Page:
Archived Outdoors

Celebrating ‘Long Man’: Eastern Band Cherokees work together to care for their rivers

Students search for aquatic life in the Oconaluftee River.   Scott Campbell/Casablanca Digital Media photo Students search for aquatic life in the Oconaluftee River. Scott Campbell/Casablanca Digital Media photo

On a crisp autumn morning, the Yellowhill Community Center in Western North Carolina buzzed with excitement as more than 120 Cherokees and their allies shared conversations, laughter and a hearty breakfast. They had descended upon the center in the Qualla Boundary on Oct. 19 to mark the second annual Honoring Long Man Day in the homelands of the Eastern Band of Cherokee Indians. 

Part river cleanup and part celebration, the day was an occasion to take climate action and reflect on the ongoing importance of rivers in Cherokee life. 

After morning prayers and a few words of gratitude were offered by Principal Chief Richard Sneed, the purpose of the gathering was articulated by Juanita Wilson, an EBCI member and the driving force behind Honoring Long Man Day: the participants were present to take care of “Ganvhidv Asgaya (Long Man), the river, with his head in the mountain and feet in the sea.”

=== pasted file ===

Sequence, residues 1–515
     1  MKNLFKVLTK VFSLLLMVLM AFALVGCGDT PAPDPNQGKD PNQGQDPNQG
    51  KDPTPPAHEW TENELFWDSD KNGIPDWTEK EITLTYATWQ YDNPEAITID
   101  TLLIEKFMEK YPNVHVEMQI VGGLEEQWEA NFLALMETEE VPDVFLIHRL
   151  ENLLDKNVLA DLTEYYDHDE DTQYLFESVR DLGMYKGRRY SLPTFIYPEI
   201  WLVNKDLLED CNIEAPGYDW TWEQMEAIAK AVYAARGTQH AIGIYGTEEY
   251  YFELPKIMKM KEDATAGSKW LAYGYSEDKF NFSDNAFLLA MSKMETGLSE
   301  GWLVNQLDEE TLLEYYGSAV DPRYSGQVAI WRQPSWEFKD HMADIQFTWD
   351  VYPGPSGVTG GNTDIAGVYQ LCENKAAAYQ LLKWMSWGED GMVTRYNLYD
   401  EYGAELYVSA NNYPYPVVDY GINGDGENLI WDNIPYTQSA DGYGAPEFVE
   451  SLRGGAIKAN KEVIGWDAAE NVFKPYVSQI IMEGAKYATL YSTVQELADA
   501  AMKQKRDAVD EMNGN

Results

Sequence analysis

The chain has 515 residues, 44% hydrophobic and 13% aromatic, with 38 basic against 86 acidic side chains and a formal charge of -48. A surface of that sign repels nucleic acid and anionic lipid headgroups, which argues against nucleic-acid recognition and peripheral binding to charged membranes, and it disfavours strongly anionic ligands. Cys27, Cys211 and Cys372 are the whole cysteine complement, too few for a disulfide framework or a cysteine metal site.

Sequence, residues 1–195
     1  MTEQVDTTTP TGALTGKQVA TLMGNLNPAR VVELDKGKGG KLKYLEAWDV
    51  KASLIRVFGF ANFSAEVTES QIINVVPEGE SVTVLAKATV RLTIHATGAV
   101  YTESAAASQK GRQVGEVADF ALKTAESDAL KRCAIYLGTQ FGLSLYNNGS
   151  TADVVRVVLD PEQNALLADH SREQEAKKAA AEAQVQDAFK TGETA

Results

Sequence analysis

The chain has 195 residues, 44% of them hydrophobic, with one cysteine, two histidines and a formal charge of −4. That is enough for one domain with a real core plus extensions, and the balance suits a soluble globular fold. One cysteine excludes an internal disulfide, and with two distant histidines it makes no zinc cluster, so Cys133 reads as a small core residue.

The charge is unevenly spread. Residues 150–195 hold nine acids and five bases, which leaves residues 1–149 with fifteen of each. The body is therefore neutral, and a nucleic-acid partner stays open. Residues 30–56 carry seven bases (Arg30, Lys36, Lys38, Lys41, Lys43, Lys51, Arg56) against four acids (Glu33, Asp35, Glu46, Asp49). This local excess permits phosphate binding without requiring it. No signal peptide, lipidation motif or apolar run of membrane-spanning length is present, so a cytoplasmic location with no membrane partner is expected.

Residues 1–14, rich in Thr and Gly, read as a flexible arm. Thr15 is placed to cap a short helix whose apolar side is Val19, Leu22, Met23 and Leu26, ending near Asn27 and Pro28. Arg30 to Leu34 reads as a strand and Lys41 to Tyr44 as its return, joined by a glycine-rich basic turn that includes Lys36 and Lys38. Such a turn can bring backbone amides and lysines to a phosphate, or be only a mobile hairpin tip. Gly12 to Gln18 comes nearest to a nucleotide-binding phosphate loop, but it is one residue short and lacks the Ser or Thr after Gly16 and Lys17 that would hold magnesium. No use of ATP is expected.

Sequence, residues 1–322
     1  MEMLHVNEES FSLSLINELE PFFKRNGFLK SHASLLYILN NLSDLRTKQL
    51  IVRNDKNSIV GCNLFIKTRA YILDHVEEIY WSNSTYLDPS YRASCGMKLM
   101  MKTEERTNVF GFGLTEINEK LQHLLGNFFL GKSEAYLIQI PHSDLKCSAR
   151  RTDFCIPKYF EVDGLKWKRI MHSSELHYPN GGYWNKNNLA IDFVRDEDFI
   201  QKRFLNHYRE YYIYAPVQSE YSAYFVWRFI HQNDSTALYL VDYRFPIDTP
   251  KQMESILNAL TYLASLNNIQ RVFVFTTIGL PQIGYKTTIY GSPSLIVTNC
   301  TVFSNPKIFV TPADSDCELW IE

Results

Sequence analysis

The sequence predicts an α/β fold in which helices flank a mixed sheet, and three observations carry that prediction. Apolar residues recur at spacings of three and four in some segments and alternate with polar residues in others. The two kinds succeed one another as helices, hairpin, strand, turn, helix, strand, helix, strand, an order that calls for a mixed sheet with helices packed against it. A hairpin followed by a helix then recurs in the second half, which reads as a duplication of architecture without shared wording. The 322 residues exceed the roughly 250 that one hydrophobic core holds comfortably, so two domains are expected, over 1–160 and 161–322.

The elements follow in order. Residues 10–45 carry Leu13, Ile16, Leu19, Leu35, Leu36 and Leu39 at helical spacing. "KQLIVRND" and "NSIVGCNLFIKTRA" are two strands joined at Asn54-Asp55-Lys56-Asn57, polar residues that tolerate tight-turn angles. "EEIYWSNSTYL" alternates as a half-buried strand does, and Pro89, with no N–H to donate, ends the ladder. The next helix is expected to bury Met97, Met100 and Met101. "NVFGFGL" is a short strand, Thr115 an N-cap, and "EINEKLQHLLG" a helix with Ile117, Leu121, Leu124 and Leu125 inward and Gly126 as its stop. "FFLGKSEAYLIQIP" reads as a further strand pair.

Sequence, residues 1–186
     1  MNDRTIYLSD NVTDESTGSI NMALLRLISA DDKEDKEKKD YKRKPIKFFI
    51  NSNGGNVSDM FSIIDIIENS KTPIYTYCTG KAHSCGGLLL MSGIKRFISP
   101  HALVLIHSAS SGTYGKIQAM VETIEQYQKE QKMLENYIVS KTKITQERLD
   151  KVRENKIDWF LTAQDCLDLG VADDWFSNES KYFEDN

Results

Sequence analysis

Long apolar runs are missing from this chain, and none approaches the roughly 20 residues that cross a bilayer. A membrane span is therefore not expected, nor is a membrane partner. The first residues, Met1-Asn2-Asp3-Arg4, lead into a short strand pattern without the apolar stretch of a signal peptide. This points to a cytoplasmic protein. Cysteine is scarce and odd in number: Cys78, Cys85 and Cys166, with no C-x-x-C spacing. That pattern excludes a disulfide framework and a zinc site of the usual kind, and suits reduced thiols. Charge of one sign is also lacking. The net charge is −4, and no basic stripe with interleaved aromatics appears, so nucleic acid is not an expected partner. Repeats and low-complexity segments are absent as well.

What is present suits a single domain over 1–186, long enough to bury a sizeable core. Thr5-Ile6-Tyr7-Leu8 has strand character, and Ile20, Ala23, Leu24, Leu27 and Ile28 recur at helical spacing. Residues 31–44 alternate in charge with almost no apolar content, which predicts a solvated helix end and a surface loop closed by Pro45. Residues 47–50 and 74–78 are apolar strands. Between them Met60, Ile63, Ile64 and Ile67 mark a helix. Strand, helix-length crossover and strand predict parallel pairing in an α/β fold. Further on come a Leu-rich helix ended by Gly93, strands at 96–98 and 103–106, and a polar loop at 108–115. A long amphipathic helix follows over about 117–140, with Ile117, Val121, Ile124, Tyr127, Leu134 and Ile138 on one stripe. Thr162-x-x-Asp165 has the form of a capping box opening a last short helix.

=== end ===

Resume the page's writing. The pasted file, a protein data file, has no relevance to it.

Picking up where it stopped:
Micah Swimmer, another EBCI member and driving force behind Honoring Long Man Day, seconded Wilson’s message. In coming together to “clean up our rivers,” observed Swimmer, “it is also important, as Cherokee people, to remember the respect we have for the water. That is our medicine. Nothing survives without water.”

Living Riparian History 

For centuries, Cherokees have shared reverential stories about rivers and riparian landscapes. The branches and streams that flow into rivers all display unique personalities. These waterways teem with life during the day and sleep at night. The Eastern Band’s ancestors followed these rivers, building impressive earthen mounds and establishing villages along fertile riverbanks. 

But Cherokee ancestors didn’t simply live “in” the mountains of Southern Appalachia; they lived “with” them and became part of the riparian world of Southern Appalachia. 

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When Europeans began invading the Cherokees’ mountain homelands in the 16th century, local knowledge keepers continued to follow well-established practices of going to water to cleanse bodies and souls. Medicine people turned to nearby streams to heal the sick, and Cherokee horticulturalists carried baskets of water to irrigate crops. Most importantly, rivers were, and are, storytellers, sharing knowledge about the health of riparian ecosystems to those willing to listen. 

Exploring Big Cove 

This history was at the forefront of my mind on Oct. 19 as cleanup crews broke up to receive last-minute instructions and head off to the different communities on the Qualla Boundary. I joined a crew headed for Big Cove — a small, relatively isolated community, located in the northeast corner of the Qualla Boundary.